Summary in context: Searching versus browsing

Daniel M. Mcdonald, Hsinchun Chen

Research output: Contribution to journalArticle

29 Scopus citations

Abstract

The use of text summaries in information-seeking research has focused on query-based summaries. Extracting content that resembles the query alone, however, ignores the greater context of the document. Such context may be central to the purpose and meaning of the document. We developed a generic, a query-based, and a hybrid summarizer, each with differing amounts of document context. The generic summarizer used a blend of discourse information and information obtained through traditional surface-level analysis. The query-based summarizer used only query-term information, and the hybrid summarizer used some discourse information along with query-term information. The validity of the generic summarizer was shown through an intrinsic evaluation using a well-established corpus of human-generated summaries. All three summarizers were then compared in an information-seeking experiment involving 297 subjects. Results from the information-seeking experiment showed that the generic summaries outperformed all others in the browse tasks, while the query-based and hybrid summaries outperformed the generic summary in the search tasks. Thus, the document context of generic summaries helped users browse, while such context was not helpful in search tasks. Such results are interesting given that generic summaries have not been studied in search tasks and the that majority of Internet search engines rely solely on query-based summaries.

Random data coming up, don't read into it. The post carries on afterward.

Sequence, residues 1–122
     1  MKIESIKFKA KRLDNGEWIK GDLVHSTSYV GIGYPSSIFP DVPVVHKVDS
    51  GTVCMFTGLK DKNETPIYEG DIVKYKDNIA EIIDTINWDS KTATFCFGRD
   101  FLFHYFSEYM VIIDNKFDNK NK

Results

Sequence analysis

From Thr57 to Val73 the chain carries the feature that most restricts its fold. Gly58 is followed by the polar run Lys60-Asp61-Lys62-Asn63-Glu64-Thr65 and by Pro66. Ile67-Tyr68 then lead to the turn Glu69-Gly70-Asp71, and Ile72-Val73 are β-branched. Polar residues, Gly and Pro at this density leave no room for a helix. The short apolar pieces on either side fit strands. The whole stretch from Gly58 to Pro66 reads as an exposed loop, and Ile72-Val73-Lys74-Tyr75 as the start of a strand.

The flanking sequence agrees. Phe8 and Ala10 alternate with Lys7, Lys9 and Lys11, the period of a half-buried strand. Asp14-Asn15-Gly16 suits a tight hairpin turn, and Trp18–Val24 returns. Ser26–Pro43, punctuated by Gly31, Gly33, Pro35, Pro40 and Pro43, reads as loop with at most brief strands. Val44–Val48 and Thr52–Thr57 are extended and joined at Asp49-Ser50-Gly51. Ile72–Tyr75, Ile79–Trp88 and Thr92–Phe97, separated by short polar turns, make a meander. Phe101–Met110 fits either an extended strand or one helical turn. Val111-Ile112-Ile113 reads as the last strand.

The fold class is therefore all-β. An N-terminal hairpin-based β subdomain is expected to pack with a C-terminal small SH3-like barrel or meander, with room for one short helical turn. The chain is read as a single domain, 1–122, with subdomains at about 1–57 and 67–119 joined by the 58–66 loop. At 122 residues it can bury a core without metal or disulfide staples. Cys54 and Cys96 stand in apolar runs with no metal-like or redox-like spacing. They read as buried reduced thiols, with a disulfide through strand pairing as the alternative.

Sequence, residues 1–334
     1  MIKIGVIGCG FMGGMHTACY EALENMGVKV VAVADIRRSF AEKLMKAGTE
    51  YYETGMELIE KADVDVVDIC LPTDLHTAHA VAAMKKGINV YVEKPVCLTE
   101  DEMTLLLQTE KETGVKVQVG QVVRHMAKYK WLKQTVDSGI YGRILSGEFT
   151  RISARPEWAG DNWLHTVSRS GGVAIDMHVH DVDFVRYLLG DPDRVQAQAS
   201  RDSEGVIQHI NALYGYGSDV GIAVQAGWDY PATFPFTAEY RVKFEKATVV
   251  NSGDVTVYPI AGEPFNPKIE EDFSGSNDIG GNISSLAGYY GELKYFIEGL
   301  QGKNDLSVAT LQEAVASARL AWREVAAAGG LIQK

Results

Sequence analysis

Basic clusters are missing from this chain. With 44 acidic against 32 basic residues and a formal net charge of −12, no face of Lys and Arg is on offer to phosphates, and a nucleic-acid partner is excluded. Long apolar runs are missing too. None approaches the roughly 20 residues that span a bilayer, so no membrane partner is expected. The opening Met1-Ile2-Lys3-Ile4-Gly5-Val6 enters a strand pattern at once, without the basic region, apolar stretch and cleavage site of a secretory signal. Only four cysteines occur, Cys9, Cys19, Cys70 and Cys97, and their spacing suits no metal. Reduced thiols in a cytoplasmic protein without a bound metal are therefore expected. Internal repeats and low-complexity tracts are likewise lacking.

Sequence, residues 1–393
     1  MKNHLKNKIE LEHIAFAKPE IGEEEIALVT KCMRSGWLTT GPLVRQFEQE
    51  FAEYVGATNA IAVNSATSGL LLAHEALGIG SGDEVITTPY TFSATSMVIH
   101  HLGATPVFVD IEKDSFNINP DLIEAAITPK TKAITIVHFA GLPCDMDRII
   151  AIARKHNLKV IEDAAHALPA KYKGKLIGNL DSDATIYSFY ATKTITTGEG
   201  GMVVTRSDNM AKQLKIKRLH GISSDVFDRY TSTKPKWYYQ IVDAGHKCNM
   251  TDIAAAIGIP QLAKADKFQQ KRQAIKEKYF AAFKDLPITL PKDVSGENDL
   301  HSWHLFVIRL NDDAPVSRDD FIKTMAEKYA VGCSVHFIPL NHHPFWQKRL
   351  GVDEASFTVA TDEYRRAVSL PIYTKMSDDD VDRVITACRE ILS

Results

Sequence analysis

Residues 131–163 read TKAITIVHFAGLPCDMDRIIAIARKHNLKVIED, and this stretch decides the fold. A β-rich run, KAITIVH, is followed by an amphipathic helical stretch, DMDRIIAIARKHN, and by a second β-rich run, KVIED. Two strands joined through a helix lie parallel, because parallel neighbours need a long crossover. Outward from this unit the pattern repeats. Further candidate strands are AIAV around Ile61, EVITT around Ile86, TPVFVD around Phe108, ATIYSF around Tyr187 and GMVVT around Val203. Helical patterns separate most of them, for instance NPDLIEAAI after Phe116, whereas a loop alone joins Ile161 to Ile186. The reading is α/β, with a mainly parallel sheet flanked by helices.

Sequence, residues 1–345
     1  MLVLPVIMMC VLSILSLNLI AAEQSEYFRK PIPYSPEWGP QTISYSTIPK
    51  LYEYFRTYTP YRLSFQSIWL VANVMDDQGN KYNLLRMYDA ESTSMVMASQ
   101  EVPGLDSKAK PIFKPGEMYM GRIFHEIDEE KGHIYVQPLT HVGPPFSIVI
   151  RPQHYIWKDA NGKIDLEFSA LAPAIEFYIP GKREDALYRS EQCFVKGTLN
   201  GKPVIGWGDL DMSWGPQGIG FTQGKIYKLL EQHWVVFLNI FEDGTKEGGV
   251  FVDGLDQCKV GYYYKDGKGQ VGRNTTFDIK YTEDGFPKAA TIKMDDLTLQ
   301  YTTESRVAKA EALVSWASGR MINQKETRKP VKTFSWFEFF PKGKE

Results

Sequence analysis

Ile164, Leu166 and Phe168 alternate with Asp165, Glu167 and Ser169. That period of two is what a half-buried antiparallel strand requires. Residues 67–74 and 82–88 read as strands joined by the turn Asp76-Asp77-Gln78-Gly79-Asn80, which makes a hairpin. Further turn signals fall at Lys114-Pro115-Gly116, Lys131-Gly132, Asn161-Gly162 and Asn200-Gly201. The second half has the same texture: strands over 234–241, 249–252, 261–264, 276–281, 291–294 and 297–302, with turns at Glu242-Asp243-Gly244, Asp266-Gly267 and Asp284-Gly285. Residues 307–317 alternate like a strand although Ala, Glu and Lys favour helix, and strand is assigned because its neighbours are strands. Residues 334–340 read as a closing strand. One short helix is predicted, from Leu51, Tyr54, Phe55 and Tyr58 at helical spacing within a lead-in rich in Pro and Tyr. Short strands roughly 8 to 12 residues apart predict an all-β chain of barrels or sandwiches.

Original languageEnglish (US)
Pages (from-to)111-141
Number of pages31
JournalACM Transactions on Information Systems
Volume24
Issue number1
DOIs
StatePublished - Jan 1 2006

Keywords

  • Browse
  • Generic summaries
  • Indicative summaries
  • Information seeking
  • Natural language processing
  • Search
  • Summarization
  • Text processing

ASJC Scopus subject areas

  • Information Systems
  • Business, Management and Accounting(all)
  • Computer Science Applications

Fingerprint Dive into the research topics of 'Summary in context: Searching versus browsing'. Together they form a unique fingerprint.

  • Cite this